Student Veterans Worry About GI Bill Benefits When Returning to School This Fall

Student Veterans Worry About GI Bill Benefits When Returning to School This Fall
The University of Minnesota's campus sits nearly empty April 21. Many student veterans are anxious about their benefits as the fall semester appears destined for a chaotic start. (Photo by Glen Stubbe/Star Tribune via Getty Images)

This article by Leo Shane III originally appeared on Military Times, the nation's largest independent newsroom dedicated to covering the military and veteran community.


As student veterans wrap up their coronavirus-shortened spring semesters this month, many are worried about what is going to happen with their classes and education benefits when they return to school next fall.


The head of the Veterans Benefits Administration admits he’s not completely sure, either. 


“We’ll have more questions in September, what happens when schools reopen or don’t,” said VA Under Secretary for Benefits Paul Lawrence in an interview with Military Times. “But I think there is tremendous flexibility for the students. We’ve been pretty agile through this, so I’m confident in our ability to respond. We’re watching states reopen, so I feel confident about that. But we know some places will linger.”


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About 950,000 individuals received some type of veterans education benefits last year. Tens of thousands of students’ lives were thrown into disarray earlier this year as colleges closed their campuses and shifted to online learning.


In response, Congress scrambled to pass a series of legislative fixes to ensure that GI Bill tuition payments and housing stipends would continue uninterrupted as the education model shifted to cyberspace.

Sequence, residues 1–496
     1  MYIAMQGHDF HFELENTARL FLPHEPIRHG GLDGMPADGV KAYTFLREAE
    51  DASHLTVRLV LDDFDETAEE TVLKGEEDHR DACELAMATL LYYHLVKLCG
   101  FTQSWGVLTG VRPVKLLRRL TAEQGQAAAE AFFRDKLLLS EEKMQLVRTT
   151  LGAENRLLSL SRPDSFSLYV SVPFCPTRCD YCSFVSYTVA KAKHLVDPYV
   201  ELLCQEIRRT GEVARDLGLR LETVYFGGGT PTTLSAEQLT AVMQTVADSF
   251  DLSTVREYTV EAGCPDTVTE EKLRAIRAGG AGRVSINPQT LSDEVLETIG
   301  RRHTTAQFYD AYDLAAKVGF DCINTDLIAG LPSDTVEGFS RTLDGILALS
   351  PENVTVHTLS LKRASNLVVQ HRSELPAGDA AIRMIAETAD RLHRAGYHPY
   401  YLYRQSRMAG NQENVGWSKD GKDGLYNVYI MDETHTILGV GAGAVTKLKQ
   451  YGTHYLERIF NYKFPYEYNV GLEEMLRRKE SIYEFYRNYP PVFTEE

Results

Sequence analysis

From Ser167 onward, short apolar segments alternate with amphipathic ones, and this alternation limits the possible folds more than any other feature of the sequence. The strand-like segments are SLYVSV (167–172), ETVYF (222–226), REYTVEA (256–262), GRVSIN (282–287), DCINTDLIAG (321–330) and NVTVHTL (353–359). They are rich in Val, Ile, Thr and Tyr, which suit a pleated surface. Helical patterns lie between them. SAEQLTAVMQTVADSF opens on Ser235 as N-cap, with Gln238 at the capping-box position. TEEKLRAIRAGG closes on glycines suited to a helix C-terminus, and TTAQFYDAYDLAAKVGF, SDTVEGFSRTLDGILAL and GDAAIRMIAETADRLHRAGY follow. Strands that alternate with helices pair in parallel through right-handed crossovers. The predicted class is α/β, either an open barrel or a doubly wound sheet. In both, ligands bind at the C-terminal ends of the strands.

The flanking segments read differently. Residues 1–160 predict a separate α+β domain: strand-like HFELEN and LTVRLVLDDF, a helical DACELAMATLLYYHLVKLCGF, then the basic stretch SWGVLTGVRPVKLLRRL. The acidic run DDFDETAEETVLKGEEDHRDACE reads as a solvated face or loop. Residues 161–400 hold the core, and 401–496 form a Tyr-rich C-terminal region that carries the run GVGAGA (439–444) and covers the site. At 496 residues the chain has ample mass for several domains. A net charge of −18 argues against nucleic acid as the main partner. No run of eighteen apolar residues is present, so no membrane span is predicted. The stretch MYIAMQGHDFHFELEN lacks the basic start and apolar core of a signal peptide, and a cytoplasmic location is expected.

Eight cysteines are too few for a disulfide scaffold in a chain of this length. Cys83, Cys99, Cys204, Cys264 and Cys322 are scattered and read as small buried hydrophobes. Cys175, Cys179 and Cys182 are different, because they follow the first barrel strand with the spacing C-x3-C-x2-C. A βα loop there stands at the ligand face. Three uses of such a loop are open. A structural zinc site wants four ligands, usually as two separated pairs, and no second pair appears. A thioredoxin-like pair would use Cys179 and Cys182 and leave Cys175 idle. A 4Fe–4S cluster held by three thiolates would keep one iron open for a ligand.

Lawrence said those authorities will remain in place until January 2021, giving students and administrators assurances that the veterans benefits won’t suddenly be shut off.




“We’re trying hard to get the word out that we will take a pro veteran interpretation of things we can,” he said. “If you sign up the wrong way, you call up and say you made a mistake, we’ll find a way to fix that right away."


Advocates for student veterans say so far they’ve seen plenty of anxiety but only a few issues with those education benefits in recent weeks.


Lauren Augustine, vice president of government affairs for Student Veterans of America, said the main obstacle she sees for student veterans this fall involve decisions to come from individual colleges and universities: how they’ll classify courses, how they’ll communicate that to students and VA, and when those choices will be finalized. 


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Under current rules, student veterans’ monthly payouts can fluctuate wildly depending on if they are classified as online-only students or in-person, in-state residents. How those distinctions are made will depend on how schools respond to the coronavirus-forced changes.


Lawrence acknowledged the potential for a chaotic start to the fall semester for many families.


“It’s an uncomfortable situation for student veterans, but it seems as though everyone understands it and appreciates it, and legislation is flowing pretty quickly,” he said. “We’re working pretty closely with everyone.”


Along with conversations with college officials about looming pitfalls, Lawrence said VA leaders are regularly speaking with lawmakers on Capitol Hill about the potential for additional legislation to adjust how the education benefits are awarded.


“I’m not able to predict the future, but the speed by which (earlier legislation) happened leads me to believe our student veterans will not be left suffering,” he said. 


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